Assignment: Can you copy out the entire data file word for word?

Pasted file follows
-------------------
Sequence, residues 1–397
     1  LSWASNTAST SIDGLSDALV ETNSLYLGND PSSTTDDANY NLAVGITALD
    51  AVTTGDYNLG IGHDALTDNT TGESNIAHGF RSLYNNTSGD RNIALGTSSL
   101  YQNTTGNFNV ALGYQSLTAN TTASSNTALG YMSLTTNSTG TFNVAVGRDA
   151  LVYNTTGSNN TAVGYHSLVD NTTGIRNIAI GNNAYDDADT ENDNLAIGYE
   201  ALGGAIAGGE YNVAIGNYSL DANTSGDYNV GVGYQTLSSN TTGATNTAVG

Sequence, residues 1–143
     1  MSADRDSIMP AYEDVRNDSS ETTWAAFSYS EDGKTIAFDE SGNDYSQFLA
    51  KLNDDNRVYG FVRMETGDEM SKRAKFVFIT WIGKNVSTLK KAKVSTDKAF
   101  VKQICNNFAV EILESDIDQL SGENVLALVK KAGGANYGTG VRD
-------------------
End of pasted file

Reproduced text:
Sequence, residues 1–397
     1  LSWASNTAST SIDGLSDALV ETNSLYLGND PSSTTDDANY NLAVGITALD
    51  AVTTGDYNLG IGHDALTDNT TGESNIAHGF RSLYNNTSGD RNIALGTSSL
   101  YQNTTGNFNV ALGYQSLTAN TTASSNTALG YMSLTTNSTG TFNVAVGRDA
   151  LVYNTTGSNN TAVGYHSLVD NTTGIRNIAI GNNAYDDADT ENDNLAIGYE
   201  ALGGAIAGGE YNVAIGNYSL DANTSGDYNV GVGYQTLSSN TTGATNTAVG

Sequence, residues 1–143
     1  MSADRDSIMP AYEDVRNDSS ETTWAAFSYS EDGKTIAFDE SGNDYSQFLA
    51  KLNDDNRVYG FVRMETGDEM SKRAKFVFIT WIGKNVSTLK KAKVSTDKAF
   101  VKQICNNFAV EILESDIDQL SGENVLALVK KAGGANYGTG VRD